Björn: Sabine is obviously very, very creative when it comes to lyrics, and when it comes to trying out creative ideas with any kind of song, any kind of timbre, any kind of music. She has a very broad knowledge of music, from noise to singer-songwriter, jazz and classical. Very inspiring. I feel like, basically, every quality that she just listed, I would say the same things about her… plus, she can sing and write lyrics. [laughs] And the question reminded me a bit of the presidential debate question yesterday —

Sabine: Yeah, we were watching it, and in the end they were like, “What do you like about the other?”

Björn: So, Sabine: You’re a fighter. I don’t like what you’re fighting for, but you’re fighting for it. [laughs]

Sabine: And I really respect how you raise your children, Björn. [laughs]

How on earth did you find the will to watch it…?

Sabine: We watched the whole thing! [laughs] But we were having a beer, and a friend over, so we were laughing at it: we were not serious.

Björn: We were supposed to be in the studio, but the electricity didn’t work.

It’s depressing.

Sabine: It is. It’s the most important decision a country has to make right now because, depending on who they choose to be president, maybe the planet’s over. It’s really serious.

Do you think that the current political climate around the world affects you as performers? … Sorry — that’s a bit of a random question.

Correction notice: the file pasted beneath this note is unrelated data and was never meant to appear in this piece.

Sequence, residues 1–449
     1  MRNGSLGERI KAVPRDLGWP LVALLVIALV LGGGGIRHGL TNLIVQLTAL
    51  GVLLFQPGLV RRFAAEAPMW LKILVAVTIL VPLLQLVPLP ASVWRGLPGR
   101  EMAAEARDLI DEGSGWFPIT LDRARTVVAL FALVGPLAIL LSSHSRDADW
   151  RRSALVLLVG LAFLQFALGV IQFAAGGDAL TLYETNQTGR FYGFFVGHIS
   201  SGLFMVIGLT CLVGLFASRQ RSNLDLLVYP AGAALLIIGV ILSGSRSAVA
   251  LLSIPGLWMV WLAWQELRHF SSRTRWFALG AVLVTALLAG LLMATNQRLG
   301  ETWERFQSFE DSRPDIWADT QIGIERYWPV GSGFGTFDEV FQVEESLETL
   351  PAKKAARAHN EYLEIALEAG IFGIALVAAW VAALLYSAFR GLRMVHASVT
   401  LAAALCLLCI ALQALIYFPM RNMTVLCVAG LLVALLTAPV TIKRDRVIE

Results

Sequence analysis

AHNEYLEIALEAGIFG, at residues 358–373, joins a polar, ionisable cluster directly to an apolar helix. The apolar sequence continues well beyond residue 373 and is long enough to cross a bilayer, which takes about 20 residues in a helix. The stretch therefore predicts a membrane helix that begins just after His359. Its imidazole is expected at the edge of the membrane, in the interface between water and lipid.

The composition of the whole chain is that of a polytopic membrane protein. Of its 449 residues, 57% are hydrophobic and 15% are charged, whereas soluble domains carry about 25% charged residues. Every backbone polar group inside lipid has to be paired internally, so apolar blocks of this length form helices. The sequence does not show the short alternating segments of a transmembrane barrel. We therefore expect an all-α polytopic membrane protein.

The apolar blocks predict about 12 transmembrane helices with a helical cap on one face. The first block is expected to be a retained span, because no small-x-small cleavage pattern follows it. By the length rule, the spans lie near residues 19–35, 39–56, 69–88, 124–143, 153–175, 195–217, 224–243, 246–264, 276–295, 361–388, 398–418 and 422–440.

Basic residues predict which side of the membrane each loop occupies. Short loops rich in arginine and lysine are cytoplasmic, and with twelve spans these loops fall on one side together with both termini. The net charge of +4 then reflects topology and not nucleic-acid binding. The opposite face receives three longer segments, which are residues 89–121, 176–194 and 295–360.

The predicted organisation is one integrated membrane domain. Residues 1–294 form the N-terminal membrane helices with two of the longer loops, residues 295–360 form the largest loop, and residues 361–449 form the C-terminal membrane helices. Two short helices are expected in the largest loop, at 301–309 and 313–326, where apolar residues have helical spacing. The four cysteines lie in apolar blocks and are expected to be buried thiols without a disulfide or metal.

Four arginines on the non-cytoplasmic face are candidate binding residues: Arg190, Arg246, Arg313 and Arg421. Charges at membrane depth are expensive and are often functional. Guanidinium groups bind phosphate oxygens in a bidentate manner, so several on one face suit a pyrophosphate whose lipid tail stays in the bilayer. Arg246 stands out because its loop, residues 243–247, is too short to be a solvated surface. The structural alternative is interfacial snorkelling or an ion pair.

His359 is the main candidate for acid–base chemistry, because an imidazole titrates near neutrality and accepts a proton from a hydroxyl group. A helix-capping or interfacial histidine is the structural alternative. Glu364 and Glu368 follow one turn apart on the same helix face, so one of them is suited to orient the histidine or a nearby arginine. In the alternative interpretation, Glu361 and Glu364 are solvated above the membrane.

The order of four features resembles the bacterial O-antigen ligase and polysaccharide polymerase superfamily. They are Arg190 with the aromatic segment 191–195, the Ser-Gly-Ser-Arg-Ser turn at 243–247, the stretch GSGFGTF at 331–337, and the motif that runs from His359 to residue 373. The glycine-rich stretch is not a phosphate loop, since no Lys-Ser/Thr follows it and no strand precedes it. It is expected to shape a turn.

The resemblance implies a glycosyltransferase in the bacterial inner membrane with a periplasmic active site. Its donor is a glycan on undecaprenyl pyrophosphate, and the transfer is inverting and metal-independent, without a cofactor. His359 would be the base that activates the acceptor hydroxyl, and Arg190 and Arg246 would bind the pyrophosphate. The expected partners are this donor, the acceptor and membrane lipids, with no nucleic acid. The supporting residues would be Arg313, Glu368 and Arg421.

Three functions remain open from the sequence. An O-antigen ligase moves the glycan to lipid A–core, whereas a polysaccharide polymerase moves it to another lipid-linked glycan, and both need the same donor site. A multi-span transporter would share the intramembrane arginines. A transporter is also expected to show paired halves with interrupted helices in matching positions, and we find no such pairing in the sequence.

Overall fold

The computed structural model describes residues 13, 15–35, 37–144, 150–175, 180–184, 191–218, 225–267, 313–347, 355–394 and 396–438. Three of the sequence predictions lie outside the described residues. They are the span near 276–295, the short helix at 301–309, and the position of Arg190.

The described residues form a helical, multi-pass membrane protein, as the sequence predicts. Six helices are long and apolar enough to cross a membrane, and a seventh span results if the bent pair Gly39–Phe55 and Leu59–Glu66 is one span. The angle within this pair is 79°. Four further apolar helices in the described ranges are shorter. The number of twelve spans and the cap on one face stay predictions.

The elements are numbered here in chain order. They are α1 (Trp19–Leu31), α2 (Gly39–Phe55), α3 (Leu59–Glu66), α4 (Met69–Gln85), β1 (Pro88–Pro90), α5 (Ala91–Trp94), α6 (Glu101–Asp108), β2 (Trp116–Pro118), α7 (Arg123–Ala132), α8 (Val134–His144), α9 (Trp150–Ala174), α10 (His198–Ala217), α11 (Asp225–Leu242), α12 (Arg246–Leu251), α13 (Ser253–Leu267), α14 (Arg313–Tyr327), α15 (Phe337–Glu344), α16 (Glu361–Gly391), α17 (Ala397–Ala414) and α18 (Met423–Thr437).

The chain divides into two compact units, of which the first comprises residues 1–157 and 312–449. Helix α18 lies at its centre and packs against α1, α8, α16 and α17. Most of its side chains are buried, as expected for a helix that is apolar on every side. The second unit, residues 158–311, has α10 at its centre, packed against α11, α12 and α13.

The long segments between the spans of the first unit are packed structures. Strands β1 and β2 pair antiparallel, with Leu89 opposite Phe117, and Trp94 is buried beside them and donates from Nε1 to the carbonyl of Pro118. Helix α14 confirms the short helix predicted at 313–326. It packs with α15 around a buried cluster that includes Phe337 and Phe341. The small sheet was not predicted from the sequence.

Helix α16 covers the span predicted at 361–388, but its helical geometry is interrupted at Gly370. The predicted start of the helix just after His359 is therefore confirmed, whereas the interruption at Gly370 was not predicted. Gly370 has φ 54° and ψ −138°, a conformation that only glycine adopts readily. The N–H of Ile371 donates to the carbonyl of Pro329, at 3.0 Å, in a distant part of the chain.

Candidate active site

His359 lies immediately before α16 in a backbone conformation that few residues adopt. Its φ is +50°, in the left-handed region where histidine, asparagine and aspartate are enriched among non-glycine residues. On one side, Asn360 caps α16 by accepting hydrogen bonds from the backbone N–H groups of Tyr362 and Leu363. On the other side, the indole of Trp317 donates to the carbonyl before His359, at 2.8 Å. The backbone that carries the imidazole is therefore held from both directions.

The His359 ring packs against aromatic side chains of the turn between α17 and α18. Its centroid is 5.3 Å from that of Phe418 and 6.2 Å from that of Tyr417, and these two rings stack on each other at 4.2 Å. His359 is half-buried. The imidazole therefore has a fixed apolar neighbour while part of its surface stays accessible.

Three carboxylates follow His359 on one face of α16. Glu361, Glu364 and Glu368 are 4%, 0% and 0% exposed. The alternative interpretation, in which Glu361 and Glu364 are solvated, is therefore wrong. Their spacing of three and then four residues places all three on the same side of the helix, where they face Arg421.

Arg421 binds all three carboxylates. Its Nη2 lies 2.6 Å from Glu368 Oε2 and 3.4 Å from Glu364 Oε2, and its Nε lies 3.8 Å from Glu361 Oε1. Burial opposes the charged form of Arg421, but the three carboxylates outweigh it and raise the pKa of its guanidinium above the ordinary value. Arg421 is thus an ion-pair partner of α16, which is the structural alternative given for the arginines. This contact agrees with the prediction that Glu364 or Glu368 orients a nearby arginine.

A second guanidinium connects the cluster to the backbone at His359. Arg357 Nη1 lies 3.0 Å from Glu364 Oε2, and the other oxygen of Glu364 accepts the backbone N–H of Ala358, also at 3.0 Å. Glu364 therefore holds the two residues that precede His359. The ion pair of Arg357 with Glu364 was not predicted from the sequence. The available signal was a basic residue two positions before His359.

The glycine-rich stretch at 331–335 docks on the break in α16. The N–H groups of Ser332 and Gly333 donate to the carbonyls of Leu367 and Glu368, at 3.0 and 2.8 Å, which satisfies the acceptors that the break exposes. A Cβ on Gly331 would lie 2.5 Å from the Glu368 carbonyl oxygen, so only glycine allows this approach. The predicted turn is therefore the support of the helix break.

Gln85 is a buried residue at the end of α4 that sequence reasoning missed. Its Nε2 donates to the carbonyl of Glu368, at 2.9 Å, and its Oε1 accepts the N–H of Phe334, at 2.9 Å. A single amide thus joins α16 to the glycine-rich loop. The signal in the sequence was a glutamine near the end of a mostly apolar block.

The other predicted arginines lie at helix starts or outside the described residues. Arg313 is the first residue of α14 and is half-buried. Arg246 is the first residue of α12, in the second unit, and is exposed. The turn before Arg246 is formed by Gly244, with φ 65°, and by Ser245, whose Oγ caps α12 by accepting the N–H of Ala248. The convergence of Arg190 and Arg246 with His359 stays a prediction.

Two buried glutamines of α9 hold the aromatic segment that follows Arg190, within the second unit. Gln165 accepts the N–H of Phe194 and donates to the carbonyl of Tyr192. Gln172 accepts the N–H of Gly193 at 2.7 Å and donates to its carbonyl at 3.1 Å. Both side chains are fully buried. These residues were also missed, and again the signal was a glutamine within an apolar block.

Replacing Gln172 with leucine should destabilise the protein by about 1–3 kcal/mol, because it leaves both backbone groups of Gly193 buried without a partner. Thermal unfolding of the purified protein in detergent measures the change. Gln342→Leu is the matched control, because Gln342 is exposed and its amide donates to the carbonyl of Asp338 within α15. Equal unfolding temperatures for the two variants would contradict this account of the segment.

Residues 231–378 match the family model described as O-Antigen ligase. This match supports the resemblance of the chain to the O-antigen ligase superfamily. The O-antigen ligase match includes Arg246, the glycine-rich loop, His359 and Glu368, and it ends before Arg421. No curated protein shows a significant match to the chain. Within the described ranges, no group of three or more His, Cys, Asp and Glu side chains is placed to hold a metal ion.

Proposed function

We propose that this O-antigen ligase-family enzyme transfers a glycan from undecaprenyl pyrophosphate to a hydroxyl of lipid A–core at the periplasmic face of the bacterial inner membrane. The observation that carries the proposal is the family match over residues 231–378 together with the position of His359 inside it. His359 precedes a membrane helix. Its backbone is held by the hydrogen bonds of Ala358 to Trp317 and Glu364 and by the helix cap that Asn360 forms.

Björn: No, I think it does. [We regretfully didn’t get to expand on this as Sabine ‘spaced out’, to use her own words, and began talking about tomatoes… Ed.]

Okay, so returning to your individual qualities: What led you to being proficient in your given areas?

Björn: I guess, for me, it’s education, curiosity and network. With education, for example, I had piano lessons and guitar lessons when I was a child, but also the music school we went to. Curiosity: in the way that I’m always looking for new, inspiring sounds or new music. And network: in the way that I surrounded myself with people who gave me new ideas — not only people who worked with music, but in any kind of artistic fields. And all this influenced me eventually.

Sabine: I’ve been writing songs for nearly ten years now, and I’d been writing songs with different projects — I had three bands in Brazil. Most of my lyrics: I have an idea, and I apply lyrics to this idea, or I’m just talking about my own feelings. I’ve been writing a lot of lyrics — I might have, like, five-hundred songs. So, I think, what made me actually get better at it, was making a lot: doing it over and over and over. Just exercising it all the time. And with singing — of course, I took singing lessons, but I think I actually became really good because of my background with this rock band. They were so loud that, for me to be heard, I needed to be louder. I just had to really push my voice to its limit. Maybe, wanting to make music like Mawn, which is calmer and where I have more space for my voice, was kind of natural, because I felt like, “Okay, now I really want to be heard.” And yeah: I think it was trying and working hard. That’s the reason for everything. You cannot be good at anything if you don’t do it a lot and try.

I’ve often wondered what it must be like to be the vocalist in a band that plays so loud that your ability to be heard is compromised. I’m guessing it must be pretty annoying.